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70 thoughts on “The Aloha Spirit In Hawaii Gone Missing”

  1. Returning to O’ahu after a 25 year absence, I mourn the dramatic decline in Aloha Spirit. Most troubling to me is kūpuna drivers sidelined by selfish, inconsiderate tailgaters. Uncomfortable with the bolder moves of younger drivers, what choice do they have? With horns blaring behind, they can only wait for a rare kindness or a break in traffic.

    On recent afternoon, I witnessed an inspirational act of true Aloha on Kapahulu St. Traffic was dense though flowing with an older driver attempting to enter the stream from a small side street. She rolled forward hopefully only to be intentionally cut off. An entire stoplight cycle later, nobody made room for her to merge. In the interim, several vehicles piled up behind her and horns started blaring. A young man in reflective work wear, exited his company truck, walked up to the Lexus right behind her and asked him to stop honking. What he did next was very heartwarming. He walked out into and stopped moving traffic! With a big smile on this face, he held the curb lane at bay until all the side street vehicles, except his, entered traffic.

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  2. How is it misused? Imho, Aloha is misused In Obligation. Now becoming an excuse,or a reason to or not to. Now out of context and intention.

    Aloha is Love and all that comes with it true, depending on the context and intention.

    In this context? It is the answer to living island life. Where all of life is important and appreciated through this spirit we exude with a kind heart.

    We do not believe this makes us vulnerable, or to be taken advantage of. We all have our days, get upset and need reminding. This doesn’t mean “No Mo Aloha”!.

    Please keep in mind This is our interpretation of things. We believe in Aloha.
    Tourism should be informed of this, taught and not baited with it! Knowing, not expecting.

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    1. Mahalo for keeping the Aloha spirit alive! I know it’s hard sometimes when you have to deal with (ok, I can’t say, even though I wasn’t born here). I love Hawaiians and grateful for living here.

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  3. When I got called to come to Hawaii the first time I was scared, I hadn’t ever been here nor had any close friends on the island. In spite of the fear I decided to come with faith trusting that my needs would be met.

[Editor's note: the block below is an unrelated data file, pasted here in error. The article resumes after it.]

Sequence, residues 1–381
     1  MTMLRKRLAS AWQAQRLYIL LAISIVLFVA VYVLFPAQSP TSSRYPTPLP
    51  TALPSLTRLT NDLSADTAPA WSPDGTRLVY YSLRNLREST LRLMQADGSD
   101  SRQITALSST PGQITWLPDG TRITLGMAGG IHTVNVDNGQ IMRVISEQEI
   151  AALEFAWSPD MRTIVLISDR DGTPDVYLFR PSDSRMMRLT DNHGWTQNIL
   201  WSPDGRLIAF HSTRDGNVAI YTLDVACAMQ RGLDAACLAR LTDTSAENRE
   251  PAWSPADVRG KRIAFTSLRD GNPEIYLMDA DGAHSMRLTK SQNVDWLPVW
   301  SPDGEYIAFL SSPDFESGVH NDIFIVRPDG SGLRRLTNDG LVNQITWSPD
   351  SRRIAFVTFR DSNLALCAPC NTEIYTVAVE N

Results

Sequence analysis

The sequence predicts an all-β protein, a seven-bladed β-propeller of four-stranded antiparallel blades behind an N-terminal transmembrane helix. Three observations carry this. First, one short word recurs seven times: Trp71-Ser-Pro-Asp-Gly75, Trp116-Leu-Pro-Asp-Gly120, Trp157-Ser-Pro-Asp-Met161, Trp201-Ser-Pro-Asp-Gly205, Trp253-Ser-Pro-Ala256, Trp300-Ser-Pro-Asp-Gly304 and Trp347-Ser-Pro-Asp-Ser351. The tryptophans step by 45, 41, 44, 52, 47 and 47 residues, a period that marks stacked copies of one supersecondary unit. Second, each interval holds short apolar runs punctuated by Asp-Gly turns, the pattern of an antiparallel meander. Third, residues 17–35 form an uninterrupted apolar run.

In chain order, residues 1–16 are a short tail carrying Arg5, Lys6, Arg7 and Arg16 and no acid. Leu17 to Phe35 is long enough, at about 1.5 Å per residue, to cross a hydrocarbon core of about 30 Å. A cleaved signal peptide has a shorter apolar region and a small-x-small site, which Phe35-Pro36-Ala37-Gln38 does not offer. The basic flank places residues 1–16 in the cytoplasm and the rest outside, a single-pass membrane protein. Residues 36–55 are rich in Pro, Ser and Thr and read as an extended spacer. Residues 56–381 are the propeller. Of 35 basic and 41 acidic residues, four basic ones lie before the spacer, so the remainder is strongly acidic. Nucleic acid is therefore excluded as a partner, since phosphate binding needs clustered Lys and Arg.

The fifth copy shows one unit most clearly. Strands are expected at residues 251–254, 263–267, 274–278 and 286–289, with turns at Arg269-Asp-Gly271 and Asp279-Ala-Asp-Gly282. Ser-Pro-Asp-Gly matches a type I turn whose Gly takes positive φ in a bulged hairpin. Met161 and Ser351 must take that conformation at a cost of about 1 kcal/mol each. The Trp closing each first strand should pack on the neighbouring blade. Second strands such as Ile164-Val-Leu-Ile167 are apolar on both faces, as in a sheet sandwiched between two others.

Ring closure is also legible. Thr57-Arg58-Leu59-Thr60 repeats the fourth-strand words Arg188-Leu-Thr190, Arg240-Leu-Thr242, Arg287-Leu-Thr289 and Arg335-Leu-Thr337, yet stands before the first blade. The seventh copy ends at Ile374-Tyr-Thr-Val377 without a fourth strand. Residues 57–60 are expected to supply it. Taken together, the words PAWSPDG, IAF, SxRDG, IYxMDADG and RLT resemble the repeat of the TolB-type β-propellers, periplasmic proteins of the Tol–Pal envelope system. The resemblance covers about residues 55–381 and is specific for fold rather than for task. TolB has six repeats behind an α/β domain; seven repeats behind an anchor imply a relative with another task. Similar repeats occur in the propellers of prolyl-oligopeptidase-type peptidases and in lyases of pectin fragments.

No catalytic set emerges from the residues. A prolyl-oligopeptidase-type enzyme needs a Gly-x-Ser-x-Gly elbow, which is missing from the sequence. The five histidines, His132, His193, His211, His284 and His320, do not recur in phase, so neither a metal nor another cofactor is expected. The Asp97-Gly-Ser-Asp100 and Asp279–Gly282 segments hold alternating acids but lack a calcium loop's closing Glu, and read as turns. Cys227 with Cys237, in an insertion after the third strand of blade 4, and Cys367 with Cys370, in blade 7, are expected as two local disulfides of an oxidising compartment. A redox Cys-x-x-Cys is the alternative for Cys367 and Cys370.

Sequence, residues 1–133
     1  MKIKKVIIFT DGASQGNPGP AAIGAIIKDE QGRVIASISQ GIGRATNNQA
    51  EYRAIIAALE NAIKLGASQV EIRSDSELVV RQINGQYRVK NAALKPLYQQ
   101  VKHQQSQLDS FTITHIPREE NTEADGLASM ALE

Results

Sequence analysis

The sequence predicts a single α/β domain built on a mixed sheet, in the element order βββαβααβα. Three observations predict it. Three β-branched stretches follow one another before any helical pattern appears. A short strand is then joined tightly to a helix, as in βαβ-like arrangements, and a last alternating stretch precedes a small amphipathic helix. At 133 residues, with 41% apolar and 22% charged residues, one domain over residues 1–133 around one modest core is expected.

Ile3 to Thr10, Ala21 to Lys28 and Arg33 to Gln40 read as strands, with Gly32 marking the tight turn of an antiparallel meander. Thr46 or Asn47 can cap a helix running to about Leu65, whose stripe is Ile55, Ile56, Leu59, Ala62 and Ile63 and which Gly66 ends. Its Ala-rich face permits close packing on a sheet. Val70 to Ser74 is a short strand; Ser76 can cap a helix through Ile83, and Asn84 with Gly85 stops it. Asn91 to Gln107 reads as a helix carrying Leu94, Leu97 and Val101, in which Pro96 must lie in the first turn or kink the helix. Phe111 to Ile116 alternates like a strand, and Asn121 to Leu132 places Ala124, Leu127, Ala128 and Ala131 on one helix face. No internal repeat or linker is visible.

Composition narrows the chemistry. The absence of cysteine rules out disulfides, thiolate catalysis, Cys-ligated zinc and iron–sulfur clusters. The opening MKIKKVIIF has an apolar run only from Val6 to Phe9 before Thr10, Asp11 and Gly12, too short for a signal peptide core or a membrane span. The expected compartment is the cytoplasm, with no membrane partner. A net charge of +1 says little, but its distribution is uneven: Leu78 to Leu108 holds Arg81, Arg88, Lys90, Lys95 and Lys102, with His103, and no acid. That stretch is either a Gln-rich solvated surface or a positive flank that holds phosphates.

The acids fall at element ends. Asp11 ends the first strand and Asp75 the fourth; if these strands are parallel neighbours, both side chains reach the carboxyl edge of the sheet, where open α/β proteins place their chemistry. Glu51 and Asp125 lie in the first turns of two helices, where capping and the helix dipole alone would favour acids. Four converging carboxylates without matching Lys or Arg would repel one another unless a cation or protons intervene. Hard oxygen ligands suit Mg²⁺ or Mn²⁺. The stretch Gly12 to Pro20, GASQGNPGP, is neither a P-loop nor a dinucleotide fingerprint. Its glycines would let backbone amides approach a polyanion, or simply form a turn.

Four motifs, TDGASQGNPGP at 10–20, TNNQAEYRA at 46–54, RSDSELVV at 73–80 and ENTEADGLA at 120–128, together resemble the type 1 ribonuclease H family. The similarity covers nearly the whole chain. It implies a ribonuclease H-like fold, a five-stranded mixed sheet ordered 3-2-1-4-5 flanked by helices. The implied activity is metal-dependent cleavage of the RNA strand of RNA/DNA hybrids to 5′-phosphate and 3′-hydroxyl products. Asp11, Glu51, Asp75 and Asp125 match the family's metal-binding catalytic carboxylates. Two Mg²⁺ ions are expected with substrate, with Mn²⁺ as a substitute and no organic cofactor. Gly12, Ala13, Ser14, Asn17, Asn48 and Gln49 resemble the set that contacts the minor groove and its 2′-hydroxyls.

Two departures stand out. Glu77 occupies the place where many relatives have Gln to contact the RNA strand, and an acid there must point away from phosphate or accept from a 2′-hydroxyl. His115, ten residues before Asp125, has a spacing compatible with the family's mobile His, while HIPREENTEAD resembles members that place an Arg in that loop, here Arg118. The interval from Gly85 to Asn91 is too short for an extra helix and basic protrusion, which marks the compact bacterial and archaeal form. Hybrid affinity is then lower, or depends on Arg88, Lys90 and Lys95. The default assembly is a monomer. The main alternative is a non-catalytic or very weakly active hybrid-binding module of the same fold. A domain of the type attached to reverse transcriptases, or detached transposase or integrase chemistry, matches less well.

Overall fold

I am grateful to say that the ‘Spirit’ of aloha literally embraced me, the kindness from complete strangers that helped me along my journey was amazing.The medicine from the song of the birds and wealth of the land, it’s been a blessing.
    I was called once again to move, this time to Oahu, it surprised me at how little the word,’aloha,’ was used. It’s such a beautiful word it made me wonder why hardly anyone I met used it. It would be great to bring it to life again on this land. Aloha and mahalo 🙏🏾

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    1. The spirits of Hawaii are still here. It’s just that the word “Aloha” has been mis-used so may times that some locals are now reluctant to use it.

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    2. Maria, Oahu was the 1st place I visited when coming to Hawaii and we were greeted with plenty of Aloha. I do believe there is still some left there as well. I am sure you will find good people. In the meantime, try your best to send out the Aloha spirit to everyone you meet. It might stick with some …

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  4. This is a beautiful definition of Aloha.

    The first time I ever heard the word Aloha was from my acupuncturist (who is like family now). She defined it as, “I love your breath,” meaning, I’m so glad you’re alive and here with me now.

    Thank you for expanding on what I was first taught.

    What keeps pulling me back to the Big Island is the holiness of the place. And the lived Hawaiian words that, as of now, I only understand with my heart more than my brain, like Aloha and Aina.

    I visit for months at a time and I never want to leave, but when I do, I realize I’ve transformed. I receive a healing, without even trying. It’s why I keep coming back. That, and the glow of holiness in people’s eyes.

    Thank you for letting me share your beauty.

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